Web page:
Using a simple white sauce recipe (2-3 T butter, 1 1/2 T white flour, sauté until the flour loses it’s sheen, whisk in your liquids, beginning with the milk; that’s it), the asparagus-water mixture, a little whole milk, about ½ c white wine* (added carefully) and whatever leftover segments of cooked asparagus you may have, you have all the ingredients for a scrumptious cream of asparagus soup to start off your next meal, or for a lovely lunch with a shrimp salad and whipped gelatin dessert.  Conversely, forget the salad and add the little cocktail-sized shrimp right into the soup plates.  Brioche or croissants are good with this, or 1” croutons quickly fried in a little herb-flavored butter go prettily on top of the soup for crunch.  Alternatively, so does a dollop of sour cream.  Make sure your herbs all go well together, such as tarragon/parsley/ chives.

Sage, oregano, basil and paprika are out.  So is dill.

Again, make sure you don’t boil the soup once the wine is added, or it may curdle.

Enjoy that luncheon.

*See ‘The Big Family Cookbook’ coming soon to Nook and Amazon, and at http://www.whitebirdpublications.com.  Look for it!

 

 

 

Here’s the gue…

29 Jul

Here’s the guest blog post I promised you!  An article by a friend, Paul Callaghan, from New Zealand, whose book, “Organic Gardening in Small Spaces” is a real joy for those of us who have little space in which to garden.  But don’t let me take all his ‘face time’–listen to what he has to say about organic gardening, straight from the man himself!

 

Why Grow Organic Food?

 

Organic growing has moved in circles. Only a few years ago almost all horticulture and agriculture was organic without anyone actually naming it as such. It was just growing. Then in the early part of the twentieth century corporate interests began to flood the market with various chemicals to improve the yield of crops.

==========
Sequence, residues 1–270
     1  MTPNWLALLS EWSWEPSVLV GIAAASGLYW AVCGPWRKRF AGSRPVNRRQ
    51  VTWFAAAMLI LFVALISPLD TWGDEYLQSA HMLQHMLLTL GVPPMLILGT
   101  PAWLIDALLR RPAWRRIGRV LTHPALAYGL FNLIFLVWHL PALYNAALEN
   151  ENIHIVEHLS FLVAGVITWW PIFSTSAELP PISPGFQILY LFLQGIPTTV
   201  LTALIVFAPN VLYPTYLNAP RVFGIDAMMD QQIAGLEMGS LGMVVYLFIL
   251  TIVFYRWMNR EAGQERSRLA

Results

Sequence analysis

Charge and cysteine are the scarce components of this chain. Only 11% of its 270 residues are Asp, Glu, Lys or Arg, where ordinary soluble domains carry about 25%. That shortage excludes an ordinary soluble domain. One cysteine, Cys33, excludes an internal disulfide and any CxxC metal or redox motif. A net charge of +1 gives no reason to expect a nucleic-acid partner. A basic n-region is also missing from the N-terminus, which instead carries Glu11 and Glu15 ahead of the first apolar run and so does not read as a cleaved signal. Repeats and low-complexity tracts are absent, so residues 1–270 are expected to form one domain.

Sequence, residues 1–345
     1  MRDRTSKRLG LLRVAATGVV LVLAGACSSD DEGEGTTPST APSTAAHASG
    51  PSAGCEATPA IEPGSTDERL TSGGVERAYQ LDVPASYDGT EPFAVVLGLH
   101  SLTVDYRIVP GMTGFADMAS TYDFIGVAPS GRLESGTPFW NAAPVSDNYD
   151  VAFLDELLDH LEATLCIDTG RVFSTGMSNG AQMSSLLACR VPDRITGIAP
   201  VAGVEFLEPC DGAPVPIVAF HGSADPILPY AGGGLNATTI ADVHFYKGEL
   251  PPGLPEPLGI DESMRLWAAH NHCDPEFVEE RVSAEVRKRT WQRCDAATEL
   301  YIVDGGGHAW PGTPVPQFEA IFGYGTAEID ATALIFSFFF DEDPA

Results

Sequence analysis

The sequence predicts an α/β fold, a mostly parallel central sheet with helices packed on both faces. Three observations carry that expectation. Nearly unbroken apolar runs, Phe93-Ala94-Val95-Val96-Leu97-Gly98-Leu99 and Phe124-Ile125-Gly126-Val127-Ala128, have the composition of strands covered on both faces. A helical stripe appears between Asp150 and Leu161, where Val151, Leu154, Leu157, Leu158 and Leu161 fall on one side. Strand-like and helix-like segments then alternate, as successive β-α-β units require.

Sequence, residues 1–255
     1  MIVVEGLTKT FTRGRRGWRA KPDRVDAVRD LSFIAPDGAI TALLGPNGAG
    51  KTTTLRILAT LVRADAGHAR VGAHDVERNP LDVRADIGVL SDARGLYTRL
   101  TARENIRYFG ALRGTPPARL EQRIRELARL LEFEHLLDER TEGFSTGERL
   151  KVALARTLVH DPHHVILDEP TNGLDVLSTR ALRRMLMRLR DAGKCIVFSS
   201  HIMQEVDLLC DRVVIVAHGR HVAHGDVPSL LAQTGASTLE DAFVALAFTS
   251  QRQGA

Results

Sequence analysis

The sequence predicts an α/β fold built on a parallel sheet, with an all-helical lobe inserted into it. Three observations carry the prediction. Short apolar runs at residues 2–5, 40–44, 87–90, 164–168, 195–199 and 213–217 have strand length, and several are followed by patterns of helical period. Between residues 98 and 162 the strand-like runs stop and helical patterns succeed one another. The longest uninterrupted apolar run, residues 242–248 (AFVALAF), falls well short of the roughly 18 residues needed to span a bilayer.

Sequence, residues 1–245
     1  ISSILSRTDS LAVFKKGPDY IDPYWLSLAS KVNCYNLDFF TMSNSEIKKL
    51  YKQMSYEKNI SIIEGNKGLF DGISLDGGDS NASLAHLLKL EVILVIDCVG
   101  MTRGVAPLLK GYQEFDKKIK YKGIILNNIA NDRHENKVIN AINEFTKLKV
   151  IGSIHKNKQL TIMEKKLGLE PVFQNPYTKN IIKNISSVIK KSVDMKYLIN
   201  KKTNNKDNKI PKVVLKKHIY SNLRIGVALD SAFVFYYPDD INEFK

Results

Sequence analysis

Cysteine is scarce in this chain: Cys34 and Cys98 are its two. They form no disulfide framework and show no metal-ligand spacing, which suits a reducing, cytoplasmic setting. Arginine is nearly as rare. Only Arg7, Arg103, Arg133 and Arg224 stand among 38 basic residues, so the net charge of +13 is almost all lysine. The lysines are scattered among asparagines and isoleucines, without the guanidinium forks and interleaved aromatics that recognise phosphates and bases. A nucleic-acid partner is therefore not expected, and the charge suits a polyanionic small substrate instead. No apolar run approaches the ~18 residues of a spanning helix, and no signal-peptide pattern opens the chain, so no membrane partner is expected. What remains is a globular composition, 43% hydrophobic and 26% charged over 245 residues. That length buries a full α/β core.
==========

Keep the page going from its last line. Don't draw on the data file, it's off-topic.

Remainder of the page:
From the 1930s on some people became concerned about the costs associated with chemically enhanced growing, and not just the financial ones. More often than not such people were labelled as freaks and primitives. Indeed, here in New Zealand one of the first organic chain stores was named Cranks as a kind of joke against that impression.

In the last few years, as environmental concerns have grown, organic growing has become more mainstream, and although it is still only a small part of the world’s food production, it is an increasing proportion.

For me the journey towards organic growing began with my health. I had problems with my digestion and realised that I needed to eat healthier food. Buying lots of fruit and vegetables from the local supermarket was my first idea. However, I soon realised that much of the produce from there had little or no taste, although it looked great and kept “fresh” for quite a while. I began to yearn for the taste of tomatoes like my dad grew when I was a kid. I started to buy organic produce. But these days I have three kids of my own and I just can’t afford to pay premium prices for everything I eat. Growing my own became the only option.

Other people tell me that they have other reasons for choosing to grow organic. Some feel that they do not want to contribute to an economic system which exploits both people and the environment. Some are concerned with the toxic effects of the chemicals with which much of our food is laced. Some just want a measure of independence in an increasingly dependent world.

There is one thing that people who begin to grow their own food using organic methods rarely mention but to me seems at least as important as any of the health, environmental or socio-political reasons. It’s fun!

There is a deep satisfaction in watching your kids fancy a snack and wander out to the strawberry plants to help themselves. Serving up a fresh salad to your friends and being told that your lettuce, tomato, cucumber and onions are delicious makes you smile. If you have prepared the soil, planted the seed, fought the slugs in hand to slime combat and lovingly watered and fed your salad there is a real sense of achievement.

We live in a world of increasing stress. Putting your hands in the soil can help. Eating better and cheaper food while reducing your carbon footprint makes you feel good. When you can think in terms of food yards instead of food miles the environment benefits. When you recycle your food scraps and your plastic, metal and glass containers, your rubbish removal costs drop. There’s less stress on your wallet. And that means less stress for you.

It’s not always easy. And you will make mistakes. But you can also enjoy the fruits of your labours.

 

Hello world!

25 Apr